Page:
The outback town of Wyandra is easily passed by, blink and you’ll miss it.
- A local post office’s transformation is a hit with travellers and grey nomads
- The once-thriving town’s population has receded to below 100 in recent years
- The town’s old fuel depot sits on the post office site and its 44-gallon drums replaced by old fashioned-style cinema seating
Town postie Glenn Paterson has set about changing that, creating a place that travellers want to stop at on their journey along the Matilda Way.
Established as a settlement on Queensland’s historic Western Railway Line, the proximity to the Warrego River made the town a vital part of the now-suspended line.
It provided water supplies for freight moving up and down the rail network, located just off the Mitchell Highway between Cunnamulla and Charleville, over 800 kilometres west of Brisbane.
But once a thriving hub for the graziers of the district, Wyandra has seen its population recede below 100.
Even so, and going against the trend of moving away from the outback to the coast, Mr Paterson reversed that and headed west after a “three-line scatter ad” in his local paper.
That was 17 years ago.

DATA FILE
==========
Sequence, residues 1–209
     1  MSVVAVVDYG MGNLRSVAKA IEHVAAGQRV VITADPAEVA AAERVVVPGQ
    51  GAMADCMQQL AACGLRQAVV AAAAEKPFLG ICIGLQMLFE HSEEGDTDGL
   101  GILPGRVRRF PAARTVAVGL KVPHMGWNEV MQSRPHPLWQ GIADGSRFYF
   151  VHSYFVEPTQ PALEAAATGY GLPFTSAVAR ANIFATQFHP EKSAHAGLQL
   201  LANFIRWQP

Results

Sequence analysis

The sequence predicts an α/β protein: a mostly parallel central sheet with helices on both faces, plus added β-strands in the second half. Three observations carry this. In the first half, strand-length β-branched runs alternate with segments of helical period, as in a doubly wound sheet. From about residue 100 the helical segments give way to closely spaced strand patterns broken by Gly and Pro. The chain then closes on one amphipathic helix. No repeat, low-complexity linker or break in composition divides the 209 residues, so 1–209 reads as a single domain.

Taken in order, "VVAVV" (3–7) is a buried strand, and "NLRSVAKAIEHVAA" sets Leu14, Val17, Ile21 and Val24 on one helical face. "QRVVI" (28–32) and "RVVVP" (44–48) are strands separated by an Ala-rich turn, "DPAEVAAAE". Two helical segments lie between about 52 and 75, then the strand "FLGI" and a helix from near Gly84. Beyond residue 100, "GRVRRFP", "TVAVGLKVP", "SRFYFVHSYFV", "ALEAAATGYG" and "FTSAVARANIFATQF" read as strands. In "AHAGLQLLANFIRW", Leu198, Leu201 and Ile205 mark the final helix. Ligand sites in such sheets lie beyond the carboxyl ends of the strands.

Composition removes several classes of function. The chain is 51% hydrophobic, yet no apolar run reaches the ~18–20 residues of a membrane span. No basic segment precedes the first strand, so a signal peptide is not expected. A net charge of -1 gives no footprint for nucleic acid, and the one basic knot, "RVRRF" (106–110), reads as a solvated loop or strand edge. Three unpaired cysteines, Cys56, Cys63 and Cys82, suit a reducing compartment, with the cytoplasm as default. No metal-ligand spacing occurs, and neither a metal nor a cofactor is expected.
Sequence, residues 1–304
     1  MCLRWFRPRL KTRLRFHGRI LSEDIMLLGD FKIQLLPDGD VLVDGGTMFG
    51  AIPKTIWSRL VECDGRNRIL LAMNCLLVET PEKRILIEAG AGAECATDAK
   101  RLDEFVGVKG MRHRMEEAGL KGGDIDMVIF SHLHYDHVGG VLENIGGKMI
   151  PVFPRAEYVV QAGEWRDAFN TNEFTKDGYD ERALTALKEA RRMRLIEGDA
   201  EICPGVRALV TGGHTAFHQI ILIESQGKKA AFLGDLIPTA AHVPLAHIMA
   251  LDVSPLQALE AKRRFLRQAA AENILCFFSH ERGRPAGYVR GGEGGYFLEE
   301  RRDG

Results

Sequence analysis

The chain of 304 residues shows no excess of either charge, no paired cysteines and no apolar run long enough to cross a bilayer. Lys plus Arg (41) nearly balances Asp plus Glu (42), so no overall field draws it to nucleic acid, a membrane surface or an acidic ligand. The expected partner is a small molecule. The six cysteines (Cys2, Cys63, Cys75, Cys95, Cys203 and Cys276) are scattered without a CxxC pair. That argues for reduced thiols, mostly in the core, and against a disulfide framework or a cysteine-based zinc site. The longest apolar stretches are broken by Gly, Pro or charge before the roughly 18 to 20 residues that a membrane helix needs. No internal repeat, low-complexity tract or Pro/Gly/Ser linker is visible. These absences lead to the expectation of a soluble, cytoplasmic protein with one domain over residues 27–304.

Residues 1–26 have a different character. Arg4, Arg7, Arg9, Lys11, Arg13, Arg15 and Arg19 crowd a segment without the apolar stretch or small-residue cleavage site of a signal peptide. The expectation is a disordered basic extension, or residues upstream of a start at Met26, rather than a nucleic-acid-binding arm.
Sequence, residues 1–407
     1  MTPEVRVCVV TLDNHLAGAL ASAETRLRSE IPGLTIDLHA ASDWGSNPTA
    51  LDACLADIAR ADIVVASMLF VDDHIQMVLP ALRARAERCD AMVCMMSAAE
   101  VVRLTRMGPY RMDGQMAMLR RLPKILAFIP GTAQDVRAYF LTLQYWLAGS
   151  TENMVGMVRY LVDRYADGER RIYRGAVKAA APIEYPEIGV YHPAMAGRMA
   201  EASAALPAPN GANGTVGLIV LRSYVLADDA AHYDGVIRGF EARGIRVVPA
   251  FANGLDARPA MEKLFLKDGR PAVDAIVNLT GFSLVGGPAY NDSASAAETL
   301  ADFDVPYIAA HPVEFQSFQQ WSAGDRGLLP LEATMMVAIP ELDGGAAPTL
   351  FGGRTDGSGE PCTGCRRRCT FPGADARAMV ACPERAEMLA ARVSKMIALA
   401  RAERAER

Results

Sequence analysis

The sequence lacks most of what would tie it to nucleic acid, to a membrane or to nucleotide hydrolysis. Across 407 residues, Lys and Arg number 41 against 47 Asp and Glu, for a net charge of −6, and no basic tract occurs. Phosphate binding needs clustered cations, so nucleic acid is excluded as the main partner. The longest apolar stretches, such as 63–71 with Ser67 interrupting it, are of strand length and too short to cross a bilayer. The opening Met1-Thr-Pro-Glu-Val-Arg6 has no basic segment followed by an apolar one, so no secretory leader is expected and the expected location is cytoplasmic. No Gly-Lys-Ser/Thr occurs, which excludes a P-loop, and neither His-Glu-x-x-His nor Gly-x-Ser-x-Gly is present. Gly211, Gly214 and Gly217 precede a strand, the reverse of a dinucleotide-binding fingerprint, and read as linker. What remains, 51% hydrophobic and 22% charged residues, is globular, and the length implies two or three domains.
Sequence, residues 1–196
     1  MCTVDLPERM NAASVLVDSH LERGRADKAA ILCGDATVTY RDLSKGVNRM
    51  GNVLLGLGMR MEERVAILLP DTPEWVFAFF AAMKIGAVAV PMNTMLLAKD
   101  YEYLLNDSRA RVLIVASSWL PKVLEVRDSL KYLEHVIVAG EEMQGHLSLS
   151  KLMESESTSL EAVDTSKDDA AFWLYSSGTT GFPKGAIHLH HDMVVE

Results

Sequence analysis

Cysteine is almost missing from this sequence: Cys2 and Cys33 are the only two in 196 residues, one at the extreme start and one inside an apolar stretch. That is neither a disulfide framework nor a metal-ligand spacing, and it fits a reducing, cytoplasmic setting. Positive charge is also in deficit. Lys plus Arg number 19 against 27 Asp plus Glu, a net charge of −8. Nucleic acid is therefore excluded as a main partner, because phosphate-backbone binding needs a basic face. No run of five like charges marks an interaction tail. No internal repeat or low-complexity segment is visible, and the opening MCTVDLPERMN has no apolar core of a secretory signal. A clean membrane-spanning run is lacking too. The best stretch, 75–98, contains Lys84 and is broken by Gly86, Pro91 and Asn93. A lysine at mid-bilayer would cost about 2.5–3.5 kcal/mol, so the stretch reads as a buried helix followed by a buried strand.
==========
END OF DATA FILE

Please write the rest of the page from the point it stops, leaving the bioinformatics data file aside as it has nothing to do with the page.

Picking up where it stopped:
When he brought the Wyandra Post Office there was not much else there.
Mr Paterson has transformed the post office and adjacent block into an outback attraction for anyone passing through.
“You couldn’t even by an ice cream or a drink. There was nothing else,” Mr Paterson said.
“I converted the shop doing Devonshire teas and burgers and then it just grew.
Using locally sourced Australiana relics, the grounds now offer a view of life in the bush from a bygone era.
The town’s old fuel depot sits on the site and its 44-gallon drums have been replaced by old fashioned-style cinema seating.
The former utility has been transformed into a picture theatre where patrons’ sense of nostalgia is whipped up by running old black and white newsreels and classic movies.
“That’s what you used to do, you’d go to the movies and sit there and watch the black and white news reels, Movietone,” he said.
“They just love it, it brings them back to the past.
Lock up the grey nomads
Four years ago, Mr Paterson also purchased and moved the old town jail onto the grounds.
“That was built in 1909 and it’s always served as the local jail behind the police station,” Mr Paterson said.
“Sometimes when they [grey nomads] get a bit rowdy we threaten to put them in the jail pyjamas and lock them in overnight.”
The 600km round trip mail run is done on Tuesday and Friday which has kept Mr Paterson and his newly wed wife Roscia busy.
But with travel restrictions in the country still limited, he has never seen the highway so quiet.
“With the COVID we’ve got no tourists around, there’s nothing on the highway, we are more or less isolated,” Mr Paterson said.
“Hopefully they’ll end up coming [back] this way.”
Thankfully for tourist operators, intrastate travel restrictions have been lifted with half of the traditional outback tourist season still ahead.
The roadmap to lifted restrictions nationwide is still a work in progress but hopefully will be next month.
Mr Paterson has a simple message for anyone thinking about a trip to the outback.
“It’s a lovely place come on out and see us,” he said.